Distribution board for circuit breaking experiments
When short circuits or grounding occur as a result of lightning or typhoons, they can cause the flow of huge electrical surges of tens of thousands of amperes, which can in turn burn out power equipment such as generators and transformers. An electrical circuit breaker is a switch that immediately stops these huge short circuit- or grounding-related electrical surges. It is an indispensable piece of equipment in the safe and stable provision of electricity. In this laboratory, participants strive to create higher-performance circuit breakers by, for example, conducting breaker experiments such as testing electrical density using microwaves, by conducting research related to circuit breaking performance of low-environmental-impact gases, and by conducting research into the electrode wear of circuit breakers.
Professor Shimizu, Professor Muramoto
This laboratory conducts research into material engineering aimed at achieving environmentally friendly generation, storage, transport, and conversion of electric energy. One area of research involves insulating materials that block the flow of electric current. Higher voltage is used to minimize the loss of electric energy along the power transmission system. This voltage reaches hundreds of thousands of volts, and if the electrical insulating material deteriorates, electric breakdown could occur that could burn out equipment. This laboratory conducts research on electroluminescence, which is closely related to material deterioration, as well as works to develop new electrical insulating materials such as vegetable oil and ice that are gentle on the environment.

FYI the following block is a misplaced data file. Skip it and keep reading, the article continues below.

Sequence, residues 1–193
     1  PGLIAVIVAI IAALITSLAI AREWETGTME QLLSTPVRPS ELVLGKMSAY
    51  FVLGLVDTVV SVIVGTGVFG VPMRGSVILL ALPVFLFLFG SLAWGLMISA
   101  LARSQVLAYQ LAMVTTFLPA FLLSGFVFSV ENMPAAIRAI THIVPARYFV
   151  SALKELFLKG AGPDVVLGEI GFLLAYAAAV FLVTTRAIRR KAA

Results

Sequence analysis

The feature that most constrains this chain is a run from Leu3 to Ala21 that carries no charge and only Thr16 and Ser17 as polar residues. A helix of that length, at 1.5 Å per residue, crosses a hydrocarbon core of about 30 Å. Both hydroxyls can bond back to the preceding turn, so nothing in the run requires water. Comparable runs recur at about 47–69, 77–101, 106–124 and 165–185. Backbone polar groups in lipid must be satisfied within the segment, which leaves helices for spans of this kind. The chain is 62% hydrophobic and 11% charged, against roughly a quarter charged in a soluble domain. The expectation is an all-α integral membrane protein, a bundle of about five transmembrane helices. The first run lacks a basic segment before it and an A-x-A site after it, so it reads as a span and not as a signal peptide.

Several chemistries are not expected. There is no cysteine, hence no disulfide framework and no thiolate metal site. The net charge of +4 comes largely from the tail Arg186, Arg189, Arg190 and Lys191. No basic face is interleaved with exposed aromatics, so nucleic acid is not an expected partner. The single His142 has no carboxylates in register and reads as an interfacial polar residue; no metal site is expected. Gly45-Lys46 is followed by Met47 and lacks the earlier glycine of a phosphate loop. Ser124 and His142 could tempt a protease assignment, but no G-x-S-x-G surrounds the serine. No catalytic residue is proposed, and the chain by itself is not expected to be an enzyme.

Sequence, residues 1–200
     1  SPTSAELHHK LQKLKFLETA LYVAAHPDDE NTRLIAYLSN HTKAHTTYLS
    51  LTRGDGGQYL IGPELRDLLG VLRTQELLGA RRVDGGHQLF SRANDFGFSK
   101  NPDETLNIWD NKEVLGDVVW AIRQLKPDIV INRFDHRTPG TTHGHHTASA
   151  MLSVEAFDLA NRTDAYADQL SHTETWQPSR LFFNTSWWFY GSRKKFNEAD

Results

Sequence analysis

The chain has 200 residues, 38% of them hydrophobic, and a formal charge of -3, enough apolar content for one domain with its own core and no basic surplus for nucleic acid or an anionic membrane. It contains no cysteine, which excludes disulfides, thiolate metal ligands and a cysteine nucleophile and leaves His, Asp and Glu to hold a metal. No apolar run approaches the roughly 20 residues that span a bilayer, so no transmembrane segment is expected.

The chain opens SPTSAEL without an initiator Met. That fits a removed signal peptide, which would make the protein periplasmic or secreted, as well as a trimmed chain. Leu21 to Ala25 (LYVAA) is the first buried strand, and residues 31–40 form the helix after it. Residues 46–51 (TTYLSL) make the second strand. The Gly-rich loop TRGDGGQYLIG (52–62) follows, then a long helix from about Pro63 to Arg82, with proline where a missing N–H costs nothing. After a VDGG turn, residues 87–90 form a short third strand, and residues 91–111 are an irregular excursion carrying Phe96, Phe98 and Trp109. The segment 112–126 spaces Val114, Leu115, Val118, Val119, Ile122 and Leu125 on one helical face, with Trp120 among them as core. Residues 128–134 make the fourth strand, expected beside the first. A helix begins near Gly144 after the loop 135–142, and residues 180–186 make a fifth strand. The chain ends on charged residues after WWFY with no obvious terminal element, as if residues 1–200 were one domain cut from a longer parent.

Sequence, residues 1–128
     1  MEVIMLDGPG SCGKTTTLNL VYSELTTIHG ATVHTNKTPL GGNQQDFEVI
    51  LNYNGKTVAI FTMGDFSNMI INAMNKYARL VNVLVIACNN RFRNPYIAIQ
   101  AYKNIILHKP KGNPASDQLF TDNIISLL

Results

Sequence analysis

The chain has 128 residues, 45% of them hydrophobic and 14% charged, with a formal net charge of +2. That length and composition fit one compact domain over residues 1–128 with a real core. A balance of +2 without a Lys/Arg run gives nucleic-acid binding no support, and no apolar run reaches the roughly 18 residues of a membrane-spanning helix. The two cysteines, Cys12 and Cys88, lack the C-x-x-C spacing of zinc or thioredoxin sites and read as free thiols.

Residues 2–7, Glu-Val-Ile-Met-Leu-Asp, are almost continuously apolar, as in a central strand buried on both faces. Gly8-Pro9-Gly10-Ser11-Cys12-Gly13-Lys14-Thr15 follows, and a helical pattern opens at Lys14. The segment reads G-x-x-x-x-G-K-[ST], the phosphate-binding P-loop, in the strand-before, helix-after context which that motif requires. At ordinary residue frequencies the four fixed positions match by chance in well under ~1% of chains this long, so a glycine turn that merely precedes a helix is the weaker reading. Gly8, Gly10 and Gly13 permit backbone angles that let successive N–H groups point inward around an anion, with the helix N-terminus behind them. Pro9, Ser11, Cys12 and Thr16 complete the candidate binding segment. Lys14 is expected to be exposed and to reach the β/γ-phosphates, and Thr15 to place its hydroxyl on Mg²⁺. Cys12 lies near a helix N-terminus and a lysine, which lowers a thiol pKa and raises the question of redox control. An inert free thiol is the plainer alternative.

Another area of research involves electric double-layer capacitors for storing electric energy. While batteries store electric energy by using a chemical reaction, capacitors store electricity ‘as is.’ These huge-capacity devices are called super capacitors, and this laboratory is carrying out research to improve the performance of these super capacitors.
The laboratory’s solar power generation system
The rapid spread of solar power use has brought with it a number of issues. One of these is the difficulty of assessing and diagnosing solar power generation systems during their operation. Because the majority of solar panels are installed on rooftops, it is hard to tell when they get broken or dirty. Furthermore, because the power generated fluctuates depending on the season and weather, simply monitoring the amount of power generated is not enough to determine if there is a problem with the solar panels. This laboratory conducts research into ways to assess and diagnose solar power generation systems. Accomplishments so far include the development of methods for using the I-V curve (current-voltage curve) of a solar cell, and software for simulating power generation.
Associate Professor Iioka
Next-generation power system modeling device
Although using renewable energy such as solar power and wind power helps prevent exhaustion of the Earth’s finite resources, it can make operation of the power grid extremely complex. In this laboratory, participants assume a future of widespread renewable energy use as they develop technologies that avoid grid breakdown problems caused by things like lightning, as well as technologies that minimize the effects on the voltage and frequency of the electricity provided to each household on the grid. The goal is to ensure sustainable and smooth operation of the power system.